Using Dynamic Light Scattering (DLS) to Analyze Virus Particles

Conventional visual techniques of detecting virus particles in solution provide a glimpse of an extremely small sampling volume, while the method of particle analysis employing dynamic light scattering generates an ensemble average of particles inside the solutions.

Virus particles incubated in the laboratory pose an issue, as they need to be grown inside cells in a media containing albumin and additional small proteins, like those inside Fetal Bovine Serum (FBS) or Minimum Essential Media (MEM) solutions.

When virus particles are emitted from the cells, the cell pieces are big and can be divided by centrifugation, however the lesser proteins of the media cannot be eliminated. Cautious choice of the distribution parameters from a dynamic light scattering experiment permits clear observation of the size distributions of virus particles in the presence of significantly smaller proteins that make up the media.

Background

Fish Viruses

There are many fish viruses that have the capacity to inflict substantial economic harm on both recreational and commercially significant fish populations. Four virus types are examined here with typical images of family virus types are outlined below.

  1. IHNV (Infectious Hematopoietic Necrosis Virus of the family Rhabodoviridae is a bullet-shaped virus with measurements ~70 nm wide x 170 nm long) that infects Rainbow Trout and Sockeye Salmon (Second from left).
  2. CTV (Cutthroat Trout Virus – a developing virus), a small round virus 25-35 nm in diameter of the Hepeviridae family; (below left)
  3. LMBV (Largemouth Bass Virus) is of the family Iridoviridae and is an Icosahedral shaped particle ~150 nm diameter and is found in the largemouth bass populations in the Southeast US (below right).
  4. ISAV (Infectious Salmon Anemia Virus) is usually found in farmed Atlantic salmon populations and has an extremely death rate. It is of the Orthomyxoviridae family, and virions are usually between 50-120 nm diameter (second from right).

Using Dynamic Light Scattering (DLS) to Analyze Virus Particles

Image Credit: Brookhaven Instrument Corporation

A fast technique of assessing the existence of virus particles in solution under known incubation environments was desirable and DLS was selected as the technique to investigate.

Dynamic Light Scattering

Using Dynamic Light Scattering (DLS) to Analyze Virus Particles

Image Credit: Brookhaven Instrument Corporation

The Autocorrelation Function

Using Dynamic Light Scattering (DLS) to Analyze Virus Particles

Image Credit: Brookhaven Instrument Corporation

Experimental

  1. Samples were kindly supplied by the USGS Western Fisheries Research Center in Seattle WA. Virus particles were grown in Chinook Salmon embryo cells in Minimum Essential Medium comprising of fetal bovine serum (FBS) and virus particles were expressed into the media. Cells and cell fragments were divided by centrifugation. Cell media with viral particles were kept refrigerated at 5 °C until measurements were taken.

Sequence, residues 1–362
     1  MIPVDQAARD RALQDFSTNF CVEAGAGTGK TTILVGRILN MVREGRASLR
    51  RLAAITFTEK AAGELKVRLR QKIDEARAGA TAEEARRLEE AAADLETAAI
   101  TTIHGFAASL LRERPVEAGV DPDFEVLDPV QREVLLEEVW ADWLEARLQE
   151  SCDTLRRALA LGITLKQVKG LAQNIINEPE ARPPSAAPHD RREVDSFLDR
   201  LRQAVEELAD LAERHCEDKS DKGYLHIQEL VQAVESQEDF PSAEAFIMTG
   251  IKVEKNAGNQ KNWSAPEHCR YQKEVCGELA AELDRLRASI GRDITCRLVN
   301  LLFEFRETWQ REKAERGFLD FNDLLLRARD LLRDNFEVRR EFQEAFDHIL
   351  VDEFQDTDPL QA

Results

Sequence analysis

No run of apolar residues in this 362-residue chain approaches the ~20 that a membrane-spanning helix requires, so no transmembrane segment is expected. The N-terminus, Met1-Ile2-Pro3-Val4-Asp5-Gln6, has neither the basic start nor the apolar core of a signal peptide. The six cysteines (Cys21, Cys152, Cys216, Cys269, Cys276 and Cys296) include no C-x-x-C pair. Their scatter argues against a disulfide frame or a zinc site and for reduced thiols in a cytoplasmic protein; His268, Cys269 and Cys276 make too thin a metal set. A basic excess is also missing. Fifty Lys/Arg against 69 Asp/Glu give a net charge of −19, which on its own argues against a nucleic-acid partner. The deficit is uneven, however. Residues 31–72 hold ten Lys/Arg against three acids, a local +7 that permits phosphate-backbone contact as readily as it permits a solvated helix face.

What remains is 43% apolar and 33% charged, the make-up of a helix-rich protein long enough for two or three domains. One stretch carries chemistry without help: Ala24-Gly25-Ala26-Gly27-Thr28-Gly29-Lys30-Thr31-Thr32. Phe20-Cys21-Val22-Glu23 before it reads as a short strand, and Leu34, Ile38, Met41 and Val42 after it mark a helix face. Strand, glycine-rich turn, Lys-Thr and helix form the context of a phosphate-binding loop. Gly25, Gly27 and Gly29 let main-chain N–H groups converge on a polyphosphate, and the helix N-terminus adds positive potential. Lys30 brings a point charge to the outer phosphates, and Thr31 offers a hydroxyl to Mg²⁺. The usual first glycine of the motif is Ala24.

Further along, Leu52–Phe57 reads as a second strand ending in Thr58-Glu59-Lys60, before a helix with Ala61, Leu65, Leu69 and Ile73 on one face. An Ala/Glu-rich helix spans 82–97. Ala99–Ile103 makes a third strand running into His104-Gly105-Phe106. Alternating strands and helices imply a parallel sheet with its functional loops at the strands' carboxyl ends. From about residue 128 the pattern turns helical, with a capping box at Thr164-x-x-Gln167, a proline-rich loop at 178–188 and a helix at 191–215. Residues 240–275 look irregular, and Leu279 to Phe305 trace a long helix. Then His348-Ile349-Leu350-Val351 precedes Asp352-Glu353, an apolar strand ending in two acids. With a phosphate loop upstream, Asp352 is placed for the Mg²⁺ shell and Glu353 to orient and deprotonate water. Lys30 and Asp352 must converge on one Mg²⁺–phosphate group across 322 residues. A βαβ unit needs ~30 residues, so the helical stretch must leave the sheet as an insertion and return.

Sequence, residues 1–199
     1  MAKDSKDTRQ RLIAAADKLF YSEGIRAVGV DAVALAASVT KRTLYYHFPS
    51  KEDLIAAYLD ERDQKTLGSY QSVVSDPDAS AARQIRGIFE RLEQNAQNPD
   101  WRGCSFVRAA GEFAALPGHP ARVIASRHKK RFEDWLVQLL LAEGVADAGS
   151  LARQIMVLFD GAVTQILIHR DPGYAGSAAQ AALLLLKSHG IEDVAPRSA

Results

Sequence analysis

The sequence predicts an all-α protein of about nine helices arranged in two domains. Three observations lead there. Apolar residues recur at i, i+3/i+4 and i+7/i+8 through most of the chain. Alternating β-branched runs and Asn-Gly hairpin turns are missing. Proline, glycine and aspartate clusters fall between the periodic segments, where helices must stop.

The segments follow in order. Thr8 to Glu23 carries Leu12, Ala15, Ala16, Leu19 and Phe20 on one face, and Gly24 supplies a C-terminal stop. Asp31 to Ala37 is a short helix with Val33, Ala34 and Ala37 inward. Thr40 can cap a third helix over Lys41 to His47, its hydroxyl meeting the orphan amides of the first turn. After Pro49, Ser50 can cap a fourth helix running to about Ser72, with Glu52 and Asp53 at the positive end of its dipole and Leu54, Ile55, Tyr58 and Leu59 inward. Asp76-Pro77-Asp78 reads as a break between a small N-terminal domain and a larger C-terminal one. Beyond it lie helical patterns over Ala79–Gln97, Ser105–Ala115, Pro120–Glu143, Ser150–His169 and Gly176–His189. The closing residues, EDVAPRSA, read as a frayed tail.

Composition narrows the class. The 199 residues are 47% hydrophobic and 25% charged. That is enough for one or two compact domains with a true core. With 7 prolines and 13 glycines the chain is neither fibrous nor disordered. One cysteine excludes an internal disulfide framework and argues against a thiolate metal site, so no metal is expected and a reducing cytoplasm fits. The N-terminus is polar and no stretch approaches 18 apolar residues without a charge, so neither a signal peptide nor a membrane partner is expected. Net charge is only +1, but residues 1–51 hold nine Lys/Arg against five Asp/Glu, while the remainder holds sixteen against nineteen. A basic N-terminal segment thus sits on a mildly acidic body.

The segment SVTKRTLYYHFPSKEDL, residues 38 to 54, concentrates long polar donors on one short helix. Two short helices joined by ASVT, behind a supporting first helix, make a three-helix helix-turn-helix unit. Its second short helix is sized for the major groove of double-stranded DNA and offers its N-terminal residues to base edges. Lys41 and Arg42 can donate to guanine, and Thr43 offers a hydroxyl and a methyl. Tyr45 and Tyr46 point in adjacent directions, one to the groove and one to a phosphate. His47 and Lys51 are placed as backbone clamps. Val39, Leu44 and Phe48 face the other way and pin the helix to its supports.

2. Dynamic Light Scattering (DLS) measurements were taken on a Brookhaven Instruments ZetaPALS instrument equipped with a BI-MAS particle sizing capability.
  3. Samples could equilibrate to 25 °C in the sample compartment for a minimum of five minutes and calculated in polystyrene cuvettes at 25 °C. DLS autocorrelation data was lowered employing the NNLS deconvolution algorithm. The decreased particle size data was assessed by both concentration and number distribution, and the outcomes exported into an Excel format and graphed in Origin 8.0.

Using Dynamic Light Scattering (DLS) to Analyze Virus Particles

Image Credit: Brookhaven Instrument Corporation

Distribution Curves

NNLS distributions may be weighted by surface area, number, volume, or the measured intensity. The weighting by intensity significantly highlights the largest particles due to the power relationship in diameter, where number weighting highlights the smallest particles.

Using Dynamic Light Scattering (DLS) to Analyze Virus Particles

Image Credit: Brookhaven Instrument Corporation

Summary and Conclusions

The outcomes evidently display the existence of virus particles with the projected average dimensions when noted by an intensity weighted distribution, but these particles are absent in the number distribution. This indicates that the virus particles are there, but in small numbers contrasted to the proteins and additional small molecules in cell growth media.

There does seem to be some other large particles present, which may be other cell fragments or expressed molecules (RNA, proteins) that would not be likely to be eliminated in the centrifugation step because of comparable size ranges to the virus particles. Proper control samples should permit the differentiation of virus particles from free cell fragments.

This information has been sourced, reviewed and adapted from materials provided by Brookhaven Instrument Corporation.

For more information on this source, please visit Brookhaven Instrument Corporation.

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